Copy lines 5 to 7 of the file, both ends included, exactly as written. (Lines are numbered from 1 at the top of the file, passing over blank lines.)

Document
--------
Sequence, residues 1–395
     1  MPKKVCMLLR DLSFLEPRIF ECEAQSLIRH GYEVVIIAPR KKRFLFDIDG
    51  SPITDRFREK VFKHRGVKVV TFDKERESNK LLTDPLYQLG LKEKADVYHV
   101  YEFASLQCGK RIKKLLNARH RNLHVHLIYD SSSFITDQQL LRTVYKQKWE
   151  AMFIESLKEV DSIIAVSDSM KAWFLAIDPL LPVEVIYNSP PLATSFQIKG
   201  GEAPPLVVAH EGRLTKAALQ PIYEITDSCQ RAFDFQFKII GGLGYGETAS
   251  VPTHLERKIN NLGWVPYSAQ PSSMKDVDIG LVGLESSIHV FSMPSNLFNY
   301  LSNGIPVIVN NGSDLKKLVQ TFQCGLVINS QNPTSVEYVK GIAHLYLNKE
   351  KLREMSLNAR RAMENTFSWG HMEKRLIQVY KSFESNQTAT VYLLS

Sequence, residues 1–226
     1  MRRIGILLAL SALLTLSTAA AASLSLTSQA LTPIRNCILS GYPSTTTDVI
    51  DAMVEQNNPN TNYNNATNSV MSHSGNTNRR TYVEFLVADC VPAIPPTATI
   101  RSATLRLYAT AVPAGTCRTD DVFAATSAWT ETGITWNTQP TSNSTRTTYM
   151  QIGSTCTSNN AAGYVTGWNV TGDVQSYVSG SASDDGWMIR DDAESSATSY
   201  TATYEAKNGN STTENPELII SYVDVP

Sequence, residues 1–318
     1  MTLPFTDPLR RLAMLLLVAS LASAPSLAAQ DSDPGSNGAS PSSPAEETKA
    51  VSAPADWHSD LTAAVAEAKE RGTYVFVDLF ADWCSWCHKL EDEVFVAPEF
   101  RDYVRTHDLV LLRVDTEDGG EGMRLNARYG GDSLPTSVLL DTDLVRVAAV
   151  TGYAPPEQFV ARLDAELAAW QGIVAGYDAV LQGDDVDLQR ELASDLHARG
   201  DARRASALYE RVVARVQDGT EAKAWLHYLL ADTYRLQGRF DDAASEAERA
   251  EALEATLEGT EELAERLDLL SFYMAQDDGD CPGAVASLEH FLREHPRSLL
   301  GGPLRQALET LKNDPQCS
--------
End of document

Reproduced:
   151  AMFIESLKEV DSIIAVSDSM KAWFLAIDPL LPVEVIYNSP PLATSFQIKG
   201  GEAPPLVVAH EGRLTKAALQ PIYEITDSCQ RAFDFQFKII GGLGYGETAS
   251  VPTHLERKIN NLGWVPYSAQ PSSMKDVDIG LVGLESSIHV FSMPSNLFNY